You’ve been on the job search for months. You’re exhausted, and your patience has been worn thin. So, when you get that all-important phone call from HR offering you a job, why wouldn’t you accept? You might even do so on the spot!
Not so fast. While it’s completely understandable to be thrilled (and slightly overwhelmed with relief), it’s crucial to have a written offer in hand before you verbally accept a position—and yes, even if it’s your dream job.
The Importance of a Written Offer
The most basic reason is that you won’t know what you’re getting until you actually see the contract in writing. When HR calls, you’ll likely get a sense of what your base salary is, but little else. While the salary is obviously important, the other parts of a job offer (think health insurance, vacation days, maternity leave) add up, and you’ll want to know what is there—or isn’t there—before you say yes.
That said, you’ll also put yourself in a poor position to negotiate if you find out later that your job offer doesn’t include, say, basic short-term disability insurance. (In case you’re wondering, insurance is not generally something companies are willing to negotiate on, but if you’re not offered it, you can use it as a point to ask for a higher base salary.) Saying yes and then going back and pretending like you’re reconsidering unless they meet you in the middle is the equivalent of showing your hand in a poker game.
How to Answer the Call
So, now you know that when that phone call comes, you need to be mentally prepared to handle that silence the comes after the offer and to not fill it with an acceptance. What do you say instead? Try something along the lines of, “I’m so thrilled to hear back from you and can’t wait to review the details of the written offer. When would you like to have my response by?”
Nine times out of 10, this works. It is, though, important to note that you could get a particularly obstinate HR representative who really, really wants that verbal acceptance before drawing up the paperwork for you. In fact, I’ve worked with a few clients who have received offers from companies that won't send them their official written offers without a verbal acceptance first.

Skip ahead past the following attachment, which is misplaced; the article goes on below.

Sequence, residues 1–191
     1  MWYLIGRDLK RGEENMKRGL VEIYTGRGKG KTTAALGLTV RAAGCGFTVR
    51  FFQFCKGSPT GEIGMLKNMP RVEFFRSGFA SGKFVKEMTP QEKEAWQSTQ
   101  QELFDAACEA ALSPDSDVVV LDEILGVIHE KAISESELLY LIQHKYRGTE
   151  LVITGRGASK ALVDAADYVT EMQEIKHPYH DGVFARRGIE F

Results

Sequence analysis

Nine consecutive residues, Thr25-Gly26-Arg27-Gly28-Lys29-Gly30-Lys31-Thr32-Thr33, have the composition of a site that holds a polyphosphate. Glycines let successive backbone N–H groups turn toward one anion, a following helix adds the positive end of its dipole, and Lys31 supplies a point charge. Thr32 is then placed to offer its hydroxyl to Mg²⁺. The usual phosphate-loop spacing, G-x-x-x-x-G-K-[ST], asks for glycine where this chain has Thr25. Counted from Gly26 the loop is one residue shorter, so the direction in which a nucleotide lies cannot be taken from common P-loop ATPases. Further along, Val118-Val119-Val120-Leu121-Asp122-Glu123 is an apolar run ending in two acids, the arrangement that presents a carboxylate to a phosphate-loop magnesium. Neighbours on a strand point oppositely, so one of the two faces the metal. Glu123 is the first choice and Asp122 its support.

To be honest, I’m not sure what the motivation for this kind of behavior is, and don’t know of any company where this is actually an HR policy. Regardless, to handle this sensitive situation, you want to be very careful with your language. Try reassuring your HR representative of your enthusiasm for the position and explain that you’re just looking to get a sense of some of the details of the job offer before formally accepting. If this doesn’t work, your best bet is something along the lines of, “As of this time, I see no reason not to accept this position—I’d just feel more comfortable having a written offer in hand.”
Verbal contracts are tricky business, and rules vary by state, but in general with at-will employment in the U.S., the problem is not so much about being unable to back out of the job—and more about being unable to negotiate the terms as well.
Related: Can You Renege on a Job Offer?
In the end, the majority of the time, as long as you have your wits about you and know to ask for a written offer before accepting, your HR rep will happily send it along and give you some time to think it through before asking for a response. So, when you get that call, take a deep breath and be prepared to position yourself well to negotiate. (Oh, and then go celebrate. You’ve earned it!)
TopicsCandidate Experience: Decision Pending , Job Search , Job Offers , Syndication , Changing Jobs , Workforce180
Lily Zhang serves as a Career Development Specialist at MIT where she works with a range of students from undergraduates to PhDs on how to reach their career aspirations. When she's not indulging in a new book or video game, she's thinking about, talking about, or writing about careers. Follow her musings on Twitter @lzhng.More from this Author